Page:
Yield Protocol is preparing to cease all of its operations by the end of this year. The decision was made after careful consideration with its various stakeholders.
The Wednesday announcement also mentioned the cancellation of the launch of its March 2024 fixed rate series. As of today, only December 2023 series will remain active for borrowing and lending, which will end by 31 December this year.
However, the firm will continue to provide full support until the end of the December 2023 series, after which support will be provided for withdrawals only for a limited time.
On 29 December, the remaining series is set to mature as well, ending all borrowing and lending on Yield Protocol. Liquidity providers for the March-September (MS) strategies won’t accrue any further fees too.
The protocol added: “While we think that the future is bright for DeFi and fixed rate markets in DeFi, we felt this decision was necessary because there is currently not sustainable demand for fixed-rate borrowing on Yield Protocol.”
Another reason that contributed to this decision has been the difficult and vague regulatory environment that firms in the industry are faced in the US. The protocol also noted the increasing regulatory requirements in Europe and the UK, making it challenging to continue to support the Yield Protocol.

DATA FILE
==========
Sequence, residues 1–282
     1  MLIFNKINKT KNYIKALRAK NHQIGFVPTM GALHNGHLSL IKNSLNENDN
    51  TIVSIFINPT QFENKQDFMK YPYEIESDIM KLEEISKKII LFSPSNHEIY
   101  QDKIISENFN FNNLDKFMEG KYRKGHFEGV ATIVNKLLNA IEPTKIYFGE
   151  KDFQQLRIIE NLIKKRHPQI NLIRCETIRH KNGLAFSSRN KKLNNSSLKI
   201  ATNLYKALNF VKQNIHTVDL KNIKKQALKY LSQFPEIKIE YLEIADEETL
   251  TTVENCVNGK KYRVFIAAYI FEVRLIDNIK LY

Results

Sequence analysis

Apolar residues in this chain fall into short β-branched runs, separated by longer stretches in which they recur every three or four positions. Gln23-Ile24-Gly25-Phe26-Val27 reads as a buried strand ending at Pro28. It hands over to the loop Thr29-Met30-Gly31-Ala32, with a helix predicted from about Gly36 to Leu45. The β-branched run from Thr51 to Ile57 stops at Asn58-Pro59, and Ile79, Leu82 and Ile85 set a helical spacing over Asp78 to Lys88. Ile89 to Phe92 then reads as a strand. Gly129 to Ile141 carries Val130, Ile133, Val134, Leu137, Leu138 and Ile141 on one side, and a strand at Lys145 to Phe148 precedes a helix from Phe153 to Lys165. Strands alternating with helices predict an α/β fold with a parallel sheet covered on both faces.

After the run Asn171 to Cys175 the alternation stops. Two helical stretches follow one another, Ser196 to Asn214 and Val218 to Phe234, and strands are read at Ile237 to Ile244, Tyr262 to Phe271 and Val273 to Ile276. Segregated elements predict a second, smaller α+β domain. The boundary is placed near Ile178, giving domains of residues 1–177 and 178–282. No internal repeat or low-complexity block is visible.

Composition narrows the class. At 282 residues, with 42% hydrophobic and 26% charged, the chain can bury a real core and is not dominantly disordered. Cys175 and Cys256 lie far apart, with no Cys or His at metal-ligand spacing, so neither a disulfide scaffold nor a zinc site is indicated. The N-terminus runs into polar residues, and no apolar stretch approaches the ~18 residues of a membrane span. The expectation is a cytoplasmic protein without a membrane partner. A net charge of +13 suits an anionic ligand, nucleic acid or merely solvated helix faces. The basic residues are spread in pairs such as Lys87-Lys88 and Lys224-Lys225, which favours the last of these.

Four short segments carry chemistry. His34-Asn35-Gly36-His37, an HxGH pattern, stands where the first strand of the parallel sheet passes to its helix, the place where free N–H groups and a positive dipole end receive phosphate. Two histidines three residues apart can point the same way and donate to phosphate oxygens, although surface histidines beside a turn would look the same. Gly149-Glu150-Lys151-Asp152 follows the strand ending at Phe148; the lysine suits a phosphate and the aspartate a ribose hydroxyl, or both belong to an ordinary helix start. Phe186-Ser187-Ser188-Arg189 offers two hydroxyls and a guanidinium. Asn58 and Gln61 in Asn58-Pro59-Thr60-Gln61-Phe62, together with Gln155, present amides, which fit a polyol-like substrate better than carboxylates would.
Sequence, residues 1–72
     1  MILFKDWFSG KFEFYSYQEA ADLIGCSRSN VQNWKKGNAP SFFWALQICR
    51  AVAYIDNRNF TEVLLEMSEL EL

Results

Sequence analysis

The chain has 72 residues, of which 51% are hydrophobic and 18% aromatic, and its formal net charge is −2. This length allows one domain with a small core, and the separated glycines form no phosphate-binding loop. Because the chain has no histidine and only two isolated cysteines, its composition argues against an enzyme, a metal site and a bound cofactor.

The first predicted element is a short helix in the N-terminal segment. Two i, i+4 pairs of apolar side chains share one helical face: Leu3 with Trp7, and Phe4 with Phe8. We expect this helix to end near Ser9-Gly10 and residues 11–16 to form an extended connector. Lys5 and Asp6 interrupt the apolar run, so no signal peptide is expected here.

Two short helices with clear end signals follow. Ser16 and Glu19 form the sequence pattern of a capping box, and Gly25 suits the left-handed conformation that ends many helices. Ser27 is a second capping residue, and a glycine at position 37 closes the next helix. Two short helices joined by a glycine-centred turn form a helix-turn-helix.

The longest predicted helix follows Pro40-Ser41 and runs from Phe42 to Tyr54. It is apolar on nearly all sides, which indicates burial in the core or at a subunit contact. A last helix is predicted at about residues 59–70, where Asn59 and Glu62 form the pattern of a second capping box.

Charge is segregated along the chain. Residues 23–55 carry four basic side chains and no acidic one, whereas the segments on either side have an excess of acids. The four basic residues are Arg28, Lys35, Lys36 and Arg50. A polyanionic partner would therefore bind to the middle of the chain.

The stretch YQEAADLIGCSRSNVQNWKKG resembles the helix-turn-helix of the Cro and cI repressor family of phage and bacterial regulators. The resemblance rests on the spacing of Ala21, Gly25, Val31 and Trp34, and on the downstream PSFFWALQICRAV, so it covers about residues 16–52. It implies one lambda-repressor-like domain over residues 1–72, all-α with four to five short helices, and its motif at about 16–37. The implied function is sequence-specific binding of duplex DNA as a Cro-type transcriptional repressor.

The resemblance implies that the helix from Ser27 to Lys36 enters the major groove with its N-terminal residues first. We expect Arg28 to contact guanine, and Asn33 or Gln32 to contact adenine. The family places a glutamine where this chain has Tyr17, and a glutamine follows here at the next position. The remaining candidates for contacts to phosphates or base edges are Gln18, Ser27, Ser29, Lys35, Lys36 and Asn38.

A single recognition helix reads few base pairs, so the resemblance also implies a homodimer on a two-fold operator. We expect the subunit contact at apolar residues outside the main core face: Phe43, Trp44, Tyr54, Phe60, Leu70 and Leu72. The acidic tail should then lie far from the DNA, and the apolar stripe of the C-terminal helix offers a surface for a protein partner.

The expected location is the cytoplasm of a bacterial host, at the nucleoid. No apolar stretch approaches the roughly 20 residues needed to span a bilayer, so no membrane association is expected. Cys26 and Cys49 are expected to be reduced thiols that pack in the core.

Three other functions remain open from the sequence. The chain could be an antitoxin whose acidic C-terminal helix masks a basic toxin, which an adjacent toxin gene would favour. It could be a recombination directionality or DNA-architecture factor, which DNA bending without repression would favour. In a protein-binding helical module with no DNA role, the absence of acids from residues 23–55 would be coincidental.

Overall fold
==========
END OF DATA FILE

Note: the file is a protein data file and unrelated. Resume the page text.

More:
Ending the note, the team said: “We have enjoyed working on the Yield Protocol, and we thank all those that have supported us during these years. We are proud that the many contributions we have made live on in other fixed rate protocols and the wider Ethereum community.”
The DeFi lending project had over $22m in total value locked (TVL) at its peak in April 2022. However, since then, this figure has dropped to around $2m.
The ongoing year has been a witness to various protocol shutdowns. Back in July, lending protocol Geist Finance, running on the Fantom network, shut down permanently. This was a result of losses from the Multichain exploit where its oracles misreported Multichain token values after the event.
Failing to provide reliable information, these oracles listed values of the non-bridged, or “real”, versions of each coin, which were more than four times the value of their Multichain derivatives.
Another case has been that of None Trading, which is a trading tool for cryptocurrencies and non-fungible tokens (NFT) built on Discord. A “critical exploit” within its infrastructure led to its shut down too. This then caused loss of a significant amount of funding as well as team tokens that were crucial for its operations.